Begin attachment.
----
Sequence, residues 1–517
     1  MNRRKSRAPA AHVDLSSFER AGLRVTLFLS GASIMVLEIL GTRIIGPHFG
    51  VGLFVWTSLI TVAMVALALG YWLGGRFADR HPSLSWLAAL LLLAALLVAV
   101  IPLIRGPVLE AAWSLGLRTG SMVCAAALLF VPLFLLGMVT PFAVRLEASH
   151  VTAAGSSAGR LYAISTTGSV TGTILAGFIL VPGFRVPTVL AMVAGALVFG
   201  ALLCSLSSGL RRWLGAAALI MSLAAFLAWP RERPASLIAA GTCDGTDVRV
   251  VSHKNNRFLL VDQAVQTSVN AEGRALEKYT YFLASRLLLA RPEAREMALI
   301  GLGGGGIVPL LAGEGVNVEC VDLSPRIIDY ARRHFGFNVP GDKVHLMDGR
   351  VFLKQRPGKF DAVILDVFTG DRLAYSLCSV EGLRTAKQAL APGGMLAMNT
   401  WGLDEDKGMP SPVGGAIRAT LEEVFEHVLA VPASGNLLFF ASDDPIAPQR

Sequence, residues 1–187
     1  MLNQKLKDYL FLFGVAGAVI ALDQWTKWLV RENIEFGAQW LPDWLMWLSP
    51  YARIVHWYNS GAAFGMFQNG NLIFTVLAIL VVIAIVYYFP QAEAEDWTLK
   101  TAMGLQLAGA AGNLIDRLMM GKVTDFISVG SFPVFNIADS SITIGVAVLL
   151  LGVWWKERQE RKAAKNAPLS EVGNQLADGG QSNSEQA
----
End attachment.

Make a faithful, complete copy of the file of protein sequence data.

Sequence, residues 1–517
     1  MNRRKSRAPA AHVDLSSFER AGLRVTLFLS GASIMVLEIL GTRIIGPHFG
    51  VGLFVWTSLI TVAMVALALG YWLGGRFADR HPSLSWLAAL LLLAALLVAV
   101  IPLIRGPVLE AAWSLGLRTG SMVCAAALLF VPLFLLGMVT PFAVRLEASH
   151  VTAAGSSAGR LYAISTTGSV TGTILAGFIL VPGFRVPTVL AMVAGALVFG
   201  ALLCSLSSGL RRWLGAAALI MSLAAFLAWP RERPASLIAA GTCDGTDVRV
   251  VSHKNNRFLL VDQAVQTSVN AEGRALEKYT YFLASRLLLA RPEAREMALI
   301  GLGGGGIVPL LAGEGVNVEC VDLSPRIIDY ARRHFGFNVP GDKVHLMDGR
   351  VFLKQRPGKF DAVILDVFTG DRLAYSLCSV EGLRTAKQAL APGGMLAMNT
   401  WGLDEDKGMP SPVGGAIRAT LEEVFEHVLA VPASGNLLFF ASDDPIAPQR

Sequence, residues 1–187
     1  MLNQKLKDYL FLFGVAGAVI ALDQWTKWLV RENIEFGAQW LPDWLMWLSP
    51  YARIVHWYNS GAAFGMFQNG NLIFTVLAIL VVIAIVYYFP QAEAEDWTLK
   101  TAMGLQLAGA AGNLIDRLMM GKVTDFISVG SFPVFNIADS SITIGVAVLL
   151  LGVWWKERQE RKAAKNAPLS EVGNQLADGG QSNSEQA